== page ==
When We Left Cuba
by Chanel Cleeton
Penguin Random House | Berkley
Formats available: Paperback, Electronic, Audio
Pub Date: 4.9.19| 368 pages
REVIEWER: Sophia Rose
E-arc provided by publisher through Net Galley for review. No remuneration was exchanged and all opinions presented herein are my own except as noted.
In 1960s Florida, a young Cuban exile will risk her life—and heart—to take back her country in this exhilarating historical novel from the author of Next Year in Havana, a Reese Witherspoon Book Club pick.
Beautiful. Daring. Deadly.
The Cuban Revolution took everything from sugar heiress Beatriz Perez—her family, her people, her country. Recruited by the CIA to infiltrate Fidel Castro’s inner circle and pulled into the dangerous world of espionage, Beatriz is consumed by her quest for revenge and her desire to reclaim the life she lost.
As the Cold War swells like a hurricane over the shores of the Florida Strait, Beatriz is caught between the clash of Cuban American politics and the perils of a forbidden affair with a powerful man driven by ambitions of his own. When the ever-changing tides of history threaten everything she has fought for, she must make a choice between her past and future—but the wrong move could cost Beatriz everything—not just the island she loves, but also the man who has stolen her heart…
Last year, the release of Next Year in Havana brought me into the world of Cuban Americans and Cuba of the 50s and 60s through the eyes of two separate Perez women told in split time stories. The Perez sisters were introduced in Elisa’s story and I couldn’t help being captivated by the fiery Perez sister, Beatriz. It was with high anticipation I waited when I discovered that we were to be given Beatriz’s own story.
When We Left Cuba opens with Beatriz learning of the death of Castro in 2016, but then it dips back into her life right after her family escaped Cuba and came to live in Palm Beach. Her family is impoverished by their former standards as a wealthy and prestigious in the highest society, but now are forced to start fresh with the smaller amount her father had in overseas accounts and start at the bottom of the Palm Beach society’s social ladder. Her mother is in full matchmaking form.
But Beatriz is angry and frustrated. She wants revenge for Castro having her twin brother killed and for causing them to flee their country. She is already looking for ways to get involved in the groups working to get Cuba out of Castro’s hands. She’s even willing to get in bed with the CIA if that’s what it takes. She will not marry for status or wealth or to please family; she will make a difference. She looks with blase interest in the American men who prostrate themselves for her beauty and spirit. She wants none of that.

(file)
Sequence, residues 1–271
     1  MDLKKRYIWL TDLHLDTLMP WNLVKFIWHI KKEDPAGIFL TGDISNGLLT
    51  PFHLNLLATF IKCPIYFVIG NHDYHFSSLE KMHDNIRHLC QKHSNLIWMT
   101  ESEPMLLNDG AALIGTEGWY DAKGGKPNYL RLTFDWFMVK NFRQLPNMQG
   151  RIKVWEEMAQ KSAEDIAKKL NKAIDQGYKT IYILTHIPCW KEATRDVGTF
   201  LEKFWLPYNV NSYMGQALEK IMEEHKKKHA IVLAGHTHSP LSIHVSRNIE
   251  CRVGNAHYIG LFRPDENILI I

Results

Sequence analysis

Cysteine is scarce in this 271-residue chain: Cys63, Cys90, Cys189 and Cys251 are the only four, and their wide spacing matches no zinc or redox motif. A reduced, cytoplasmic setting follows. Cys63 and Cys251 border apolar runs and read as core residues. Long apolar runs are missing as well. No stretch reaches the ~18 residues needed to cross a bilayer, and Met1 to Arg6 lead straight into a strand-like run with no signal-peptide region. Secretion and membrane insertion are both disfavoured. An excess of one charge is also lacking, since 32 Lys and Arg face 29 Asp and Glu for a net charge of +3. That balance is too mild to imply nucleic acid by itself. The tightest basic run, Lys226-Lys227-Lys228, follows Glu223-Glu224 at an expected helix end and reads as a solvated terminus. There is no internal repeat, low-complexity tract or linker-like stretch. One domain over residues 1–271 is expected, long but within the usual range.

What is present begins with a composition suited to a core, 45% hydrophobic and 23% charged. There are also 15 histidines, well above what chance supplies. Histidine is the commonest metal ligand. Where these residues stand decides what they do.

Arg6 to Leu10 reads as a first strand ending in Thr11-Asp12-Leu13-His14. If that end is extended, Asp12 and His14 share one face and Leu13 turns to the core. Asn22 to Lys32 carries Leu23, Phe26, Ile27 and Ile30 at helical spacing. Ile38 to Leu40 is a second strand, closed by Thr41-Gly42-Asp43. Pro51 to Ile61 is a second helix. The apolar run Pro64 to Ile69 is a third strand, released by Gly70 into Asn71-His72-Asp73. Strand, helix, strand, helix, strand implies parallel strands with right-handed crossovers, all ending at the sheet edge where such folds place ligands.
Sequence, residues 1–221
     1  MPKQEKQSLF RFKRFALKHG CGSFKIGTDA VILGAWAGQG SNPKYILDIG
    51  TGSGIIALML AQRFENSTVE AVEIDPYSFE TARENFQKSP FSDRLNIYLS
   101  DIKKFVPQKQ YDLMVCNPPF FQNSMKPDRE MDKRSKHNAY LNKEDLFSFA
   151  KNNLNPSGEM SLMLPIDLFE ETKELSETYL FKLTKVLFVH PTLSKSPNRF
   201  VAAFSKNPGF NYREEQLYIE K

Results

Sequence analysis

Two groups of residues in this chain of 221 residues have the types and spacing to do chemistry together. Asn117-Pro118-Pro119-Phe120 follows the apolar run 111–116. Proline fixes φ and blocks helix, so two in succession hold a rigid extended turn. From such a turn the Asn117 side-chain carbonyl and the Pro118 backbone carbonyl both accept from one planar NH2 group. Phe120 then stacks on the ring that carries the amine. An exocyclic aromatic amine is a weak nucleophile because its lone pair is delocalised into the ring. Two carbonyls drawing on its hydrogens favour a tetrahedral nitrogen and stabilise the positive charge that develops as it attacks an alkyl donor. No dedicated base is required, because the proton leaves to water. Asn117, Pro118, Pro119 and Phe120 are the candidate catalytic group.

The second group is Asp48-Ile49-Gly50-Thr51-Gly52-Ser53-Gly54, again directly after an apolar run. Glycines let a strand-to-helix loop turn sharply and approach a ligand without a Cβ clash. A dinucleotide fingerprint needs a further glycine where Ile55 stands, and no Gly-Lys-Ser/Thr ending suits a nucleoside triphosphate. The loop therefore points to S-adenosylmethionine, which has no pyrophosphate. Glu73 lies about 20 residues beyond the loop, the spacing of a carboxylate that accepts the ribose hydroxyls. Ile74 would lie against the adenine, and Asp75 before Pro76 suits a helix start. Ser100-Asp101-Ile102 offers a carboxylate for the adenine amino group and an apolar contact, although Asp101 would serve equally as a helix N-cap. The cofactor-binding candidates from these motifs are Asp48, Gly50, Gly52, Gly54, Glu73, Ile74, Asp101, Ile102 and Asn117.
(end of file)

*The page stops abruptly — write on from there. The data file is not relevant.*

Then she meets, Nicholas Preston, friend of Kennedy, son of wealth and power, and likely senate candidate on the eve of his engagement. One look, a dance, and a brief conversation and the star-crossed pair know they are all wrong and yet perfectly right.
There is a powerful star-crossed romance in this one because it involves the clash of two strong personalities who know and respect each other down to the bone, but are set on two separate ideological paths. But it is not only a romance. This is, again, the story of Cuba, Cuban Americans, and a woman who will not be pigeon-holed into the expected life or worry about what others think. She will go her own way. Beatriz is not stupid nor is she hopelessly naive, but she is very angry and feels helpless as her world crashed around her and she lost the person closest to her. She gets involved in the gray world of espionage and plots. It was suspenseful without heading into thriller territory. Where the first book was bittersweet and nostalgic. This one follows a woman of action set during the intense times of revolutionary Central and South America, rise of communism, Bay of Pigs, Cuban Missile Crisis and the Kennedy years. I was riveted.
The reader goes into this knowing were Beatriz is at in 2016 so that is a small comfort and knows some of what came before for her when she lived with her family in Cuba, but now there were the in between years. The promise of Beatriz’s story lived up to and surpassed expectation. While this is a companion novel rather than part of a series, I still recommend that readers pick up Next Year in Havana first just to get the earlier years and then go into this one. I can highly recommend both.
My thanks to Berkley via Net Galley for the opportunity to read this book in exchange for an honest review.